Utah insurers try to capitalize as federal exchange sputters
A Utah insurance company is negotiating with the Obama administration to bridge an enrollment hurdle created by the troubled performance of the federal health exchange.
Like most major insurers, Arches Health Plan can enroll people directly in the plans it offers on the exchange. The nonprofit Consumer-Oriented and Operated Plan, or CO-OP, has Web-based tools that allow consumers to shop its exchange plans and drill down to see whether their doctor is covered.
But prospective customers are missing out on a key benefit of the federal site.
"Our biggest frustration ... is we can't link them with [government] subsidies," said Arches Chief Operating Officer Shaun Greene.
Arches is proposing a temporary "work-around," however, that entails enrolling shoppers, estimating their subsidy, and billing the feds for payment of those individuals' tax credit, said Greene.
The federal site was designed to calculate and award subsidies immediately, but it has been plagued with glitches.
It's uncertain whether Aches' idea will win favor with the U.S. Department of Health and Human Services.
Even as the president defends the Affordable Care Act while acknowledging the exchange's technical failings, Congress is angling for the ouster of HHS Secretary Kathleen Sebelius, who has been called to testify at a hearing Thursday.
Experts predict Sebelius has until mid-November to get the http://www.healthcare.gov site functioning, or the administration may have to extend the open enrollment period. People have until Dec. 16 to sign up for coverage effective in January 2014. Open enrollment ends March 31.
But steering consumers directly to individual insurers risks limiting their choices, because carriers don't market competitors' plans.
"To see the full range of options, consumers will need to be patient with healthcare.gov," acknowledged Judi Hilman, Arches vice president of strategic partnerships and consumer engagement.
In the meantime, by satisfying the curiosity of window shoppers, insurers are generating sales leads and good will.
Intermountain Healthcare's insurance arm, SelectHealth is staging forums at area hospitals and clinics on "the ABCs" of health coverage.
"The feds brought a lot of this on themselves," said Rep. Jim Dunnigan, R-Taylorsville, noting officials should have rolled out the exchange in stages on a limited basis for testing.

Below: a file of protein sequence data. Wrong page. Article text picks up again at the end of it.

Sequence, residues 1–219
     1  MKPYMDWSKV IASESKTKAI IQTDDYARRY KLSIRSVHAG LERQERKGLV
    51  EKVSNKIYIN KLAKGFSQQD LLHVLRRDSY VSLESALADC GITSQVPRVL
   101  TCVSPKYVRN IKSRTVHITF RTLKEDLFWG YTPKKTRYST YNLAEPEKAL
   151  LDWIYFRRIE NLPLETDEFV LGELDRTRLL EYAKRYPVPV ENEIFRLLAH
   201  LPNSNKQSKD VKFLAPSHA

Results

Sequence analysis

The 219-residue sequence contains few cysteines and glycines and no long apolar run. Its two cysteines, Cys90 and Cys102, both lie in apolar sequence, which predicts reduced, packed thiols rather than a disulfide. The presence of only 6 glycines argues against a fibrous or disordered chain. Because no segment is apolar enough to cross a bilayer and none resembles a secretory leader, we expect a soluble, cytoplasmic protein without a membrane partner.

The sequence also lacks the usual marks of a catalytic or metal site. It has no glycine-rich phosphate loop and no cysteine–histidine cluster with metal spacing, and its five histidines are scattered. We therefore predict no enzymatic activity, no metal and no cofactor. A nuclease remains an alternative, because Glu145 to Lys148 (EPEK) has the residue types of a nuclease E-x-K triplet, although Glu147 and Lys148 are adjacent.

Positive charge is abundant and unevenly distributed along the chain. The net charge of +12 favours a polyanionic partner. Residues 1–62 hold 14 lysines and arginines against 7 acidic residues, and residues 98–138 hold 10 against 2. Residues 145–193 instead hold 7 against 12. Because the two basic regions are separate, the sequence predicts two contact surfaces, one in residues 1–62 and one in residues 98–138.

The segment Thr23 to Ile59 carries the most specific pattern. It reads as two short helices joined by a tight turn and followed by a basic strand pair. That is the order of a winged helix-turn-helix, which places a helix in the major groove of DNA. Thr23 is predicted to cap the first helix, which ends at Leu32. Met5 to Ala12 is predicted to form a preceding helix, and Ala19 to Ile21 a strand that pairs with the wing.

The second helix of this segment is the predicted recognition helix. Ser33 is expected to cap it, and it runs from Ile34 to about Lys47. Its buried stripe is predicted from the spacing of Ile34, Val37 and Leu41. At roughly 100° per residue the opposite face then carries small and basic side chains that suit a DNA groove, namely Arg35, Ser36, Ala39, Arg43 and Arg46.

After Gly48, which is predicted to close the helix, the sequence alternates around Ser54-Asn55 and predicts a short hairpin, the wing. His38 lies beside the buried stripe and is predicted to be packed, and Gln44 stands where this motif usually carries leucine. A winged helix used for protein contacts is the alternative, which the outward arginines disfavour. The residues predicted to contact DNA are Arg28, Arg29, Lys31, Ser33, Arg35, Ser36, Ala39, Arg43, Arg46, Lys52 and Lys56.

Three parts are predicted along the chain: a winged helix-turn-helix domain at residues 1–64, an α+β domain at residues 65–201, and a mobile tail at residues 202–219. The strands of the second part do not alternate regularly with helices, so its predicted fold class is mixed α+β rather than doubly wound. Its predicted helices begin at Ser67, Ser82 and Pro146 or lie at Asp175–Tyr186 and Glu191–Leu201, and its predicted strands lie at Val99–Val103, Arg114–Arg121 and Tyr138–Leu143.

"They made a mistake requiring everyone to log in and create a personal identifier before seeing subsidies and comparing plans. They didn't want people to see the rates without calculating their subsidies," said Dunnigan, an insurance broker. "I understand why, but I think it was unwise."
Obama this week stressed consumers can enroll using a toll free number: 1-800-318-2596. HHS can also handle paper applications.
But if glitches aren't resolved in the coming weeks, younger, healthier shoppers could give up, leaving only unhealthy consumers to enroll and causing rates to soar, said Dunnigan. "Some insurers are getting [exchange paperwork] on three enrollments for the same person, or two enrollments and a cancellation, and they're struggling to decipher which is the true enrollment."
One sign that enrollment may be picking up: Utah's Medicaid program is receiving more referrals from the exchange.
All exchange shoppers are screened for eligibility for the low-income health program.
Utahns presumed eligible are supposed to be electronically referred to Utah's Department of Workforce Services (DWS).
The feds aren't yet able to connect to DWS, said the agency's spokesman Nic Dunn.
But they keep a head count of referrals, which grew from 501 to 2,323 during the past week, he said. Those individuals can't be fully screened for Medicaid, however, until HHS furnishes their applications, Dunn said.
Polls show Obamacare remains unpopular and that Americans are still confused by the health law, but most of the country's uninsured want insurance.
At events where Arches has showcased its exchange offerings, consumers have been pleased, said Greene, recalling the response from one woman: "A zero-dollar premium? What the hell is everyone bitching about?"
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